Oracle® Database SQL Language Reference 11g Release 2 (11.2) E4108403 


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The CORR_
* functions are:
CORR_S
CORR_K
The CORR
function (see CORR) calculates the Pearson's correlation coefficient and requires numeric expressions as input. The CORR_
* functions support nonparametric or rank correlation. They let you find correlations between expressions that are ordinal scaled (where ranking of the values is possible). Correlation coefficients take on a value ranging from 1 to 1, where 1 indicates a perfect relationship, 1 a perfect inverse relationship (when one variable increases as the other decreases), and a value close to 0 means no relationship.
These functions takes as arguments any numeric data type or any nonnumeric data type that can be implicitly converted to a numeric data type. Oracle Database determines the argument with the highest numeric precedence, implicitly converts the remaining arguments to that data type, makes the calculation, and returns NUMBER
.
See Also:
Table 310, "Implicit Type Conversion Matrix" for more information on implicit conversion and "Numeric Precedence" for information on numeric precedenceexpr1
and expr2
are the two variables being analyzed. The third argument is a return value of type VARCHAR2
. If you omit the third argument, then the default is COEFFICIENT
. The meaning of the return values is shown in the table that follows:
Table 52 CORR_* Return Values
Return Value  Meaning 


Coefficient of correlation 

Positive onetailed significance of the correlation 

Same as 

Negative onetailed significance of the correlation 

Twotailed significance of the correlation 
CORR_S
calculates the Spearman's rho correlation coefficient. The input expressions should be a set of (x_{i}, y_{i}) pairs of observations. The function first replaces each value with a rank. Each value of x_{i} is replaced with its rank among all the other x_{i}s in the sample, and each value of y_{i} is replaced with its rank among all the other y_{i}s. Thus, each x_{i} and y_{i} take on a value from 1 to n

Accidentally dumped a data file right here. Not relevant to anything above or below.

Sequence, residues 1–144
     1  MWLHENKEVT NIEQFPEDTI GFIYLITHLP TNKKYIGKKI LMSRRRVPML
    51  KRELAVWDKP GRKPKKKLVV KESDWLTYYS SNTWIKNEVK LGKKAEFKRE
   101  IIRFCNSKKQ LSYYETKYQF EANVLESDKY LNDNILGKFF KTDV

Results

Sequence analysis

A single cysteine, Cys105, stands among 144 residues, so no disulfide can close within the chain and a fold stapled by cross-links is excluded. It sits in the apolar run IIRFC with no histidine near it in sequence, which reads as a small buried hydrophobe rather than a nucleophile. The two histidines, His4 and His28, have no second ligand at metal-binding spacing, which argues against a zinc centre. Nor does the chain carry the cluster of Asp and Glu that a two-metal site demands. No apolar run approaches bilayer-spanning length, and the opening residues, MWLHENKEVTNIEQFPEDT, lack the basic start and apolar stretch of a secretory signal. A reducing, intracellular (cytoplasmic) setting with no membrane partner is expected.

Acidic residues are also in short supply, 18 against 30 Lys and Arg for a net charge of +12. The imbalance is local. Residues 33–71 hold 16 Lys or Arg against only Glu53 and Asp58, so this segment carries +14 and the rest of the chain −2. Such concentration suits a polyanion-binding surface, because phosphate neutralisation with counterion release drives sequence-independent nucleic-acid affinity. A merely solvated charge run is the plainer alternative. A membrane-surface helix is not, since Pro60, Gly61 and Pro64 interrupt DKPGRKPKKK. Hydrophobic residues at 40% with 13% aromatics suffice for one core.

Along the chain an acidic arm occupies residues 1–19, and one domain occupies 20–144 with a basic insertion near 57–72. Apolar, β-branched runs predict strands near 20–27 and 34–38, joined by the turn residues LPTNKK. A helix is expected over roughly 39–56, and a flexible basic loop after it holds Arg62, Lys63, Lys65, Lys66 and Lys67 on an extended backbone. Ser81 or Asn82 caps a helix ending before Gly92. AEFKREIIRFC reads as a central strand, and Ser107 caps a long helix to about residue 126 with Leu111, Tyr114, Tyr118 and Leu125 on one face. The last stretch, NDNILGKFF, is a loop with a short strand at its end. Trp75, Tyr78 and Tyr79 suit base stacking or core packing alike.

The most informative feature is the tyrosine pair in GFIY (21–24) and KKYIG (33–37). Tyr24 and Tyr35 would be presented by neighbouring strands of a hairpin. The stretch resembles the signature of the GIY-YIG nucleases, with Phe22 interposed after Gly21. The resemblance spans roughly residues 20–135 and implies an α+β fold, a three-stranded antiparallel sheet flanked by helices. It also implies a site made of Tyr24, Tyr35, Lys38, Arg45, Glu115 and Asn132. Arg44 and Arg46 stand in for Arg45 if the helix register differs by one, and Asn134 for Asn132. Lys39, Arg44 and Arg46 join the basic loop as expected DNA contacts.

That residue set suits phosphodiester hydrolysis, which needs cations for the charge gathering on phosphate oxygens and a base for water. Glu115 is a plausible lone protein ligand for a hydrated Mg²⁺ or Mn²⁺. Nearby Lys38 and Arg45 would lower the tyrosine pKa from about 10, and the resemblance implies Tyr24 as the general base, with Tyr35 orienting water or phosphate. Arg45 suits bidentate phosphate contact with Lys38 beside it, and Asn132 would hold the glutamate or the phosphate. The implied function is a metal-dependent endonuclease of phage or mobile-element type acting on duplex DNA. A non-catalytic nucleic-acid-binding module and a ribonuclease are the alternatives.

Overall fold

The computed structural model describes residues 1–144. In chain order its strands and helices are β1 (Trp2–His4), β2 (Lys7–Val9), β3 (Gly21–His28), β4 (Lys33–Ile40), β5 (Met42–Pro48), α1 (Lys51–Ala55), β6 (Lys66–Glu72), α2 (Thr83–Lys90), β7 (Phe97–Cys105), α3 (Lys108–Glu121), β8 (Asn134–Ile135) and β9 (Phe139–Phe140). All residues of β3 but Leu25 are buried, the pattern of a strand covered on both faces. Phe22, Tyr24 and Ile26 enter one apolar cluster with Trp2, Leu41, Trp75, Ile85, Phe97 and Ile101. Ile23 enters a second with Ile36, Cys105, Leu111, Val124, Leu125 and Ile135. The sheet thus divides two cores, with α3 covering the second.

, where n
is the total number of pairs of values. Ties are assigned the average of the ranks they would have had if their values had been slightly different. Then the function calculates the linear correlation coefficient of the ranks.
CORR_S Example Using Spearman's rho correlation coefficient, the following example derives a coefficient of correlation for each of two different comparisons  salary
and commission_pct
, and salary
and employee_id
:
SELECT COUNT(*) count, CORR_S(salary, commission_pct) commission, CORR_S(salary, employee_id) empid FROM employees; COUNT COMMISSION EMPID    107 .735837022 .04473016
CORR_K
calculates the Kendall's taub correlation coefficient. As for CORR_S
, the input expressions are a set of (x_{i}, y_{i}) pairs of observations. To calculate the coefficient, the function counts the number of concordant and discordant pairs. A pair of observations is concordant if the observation with the larger x also has a larger value of y. A pair of observations is discordant if the observation with the larger x has a smaller y.
The significance of taub is the probability that the correlation indicated by taub was due to chance—a value of 0 to 1. A small value indicates a significant correlation for positive values of taub (or anticorrelation for negative values of taub).
CORR_K Example Using Kendall's taub correlation coefficient, the following example determines whether a correlation exists between an employee's salary and commission percent:
SELECT CORR_K(salary, commission_pct, 'COEFFICIENT') coefficient, CORR_K(salary, commission_pct, 'TWO_SIDED_SIG') two_sided_p_value FROM employees; COEFFICIENT TWO_SIDED_P_VALUE   .603079768 3.4702E07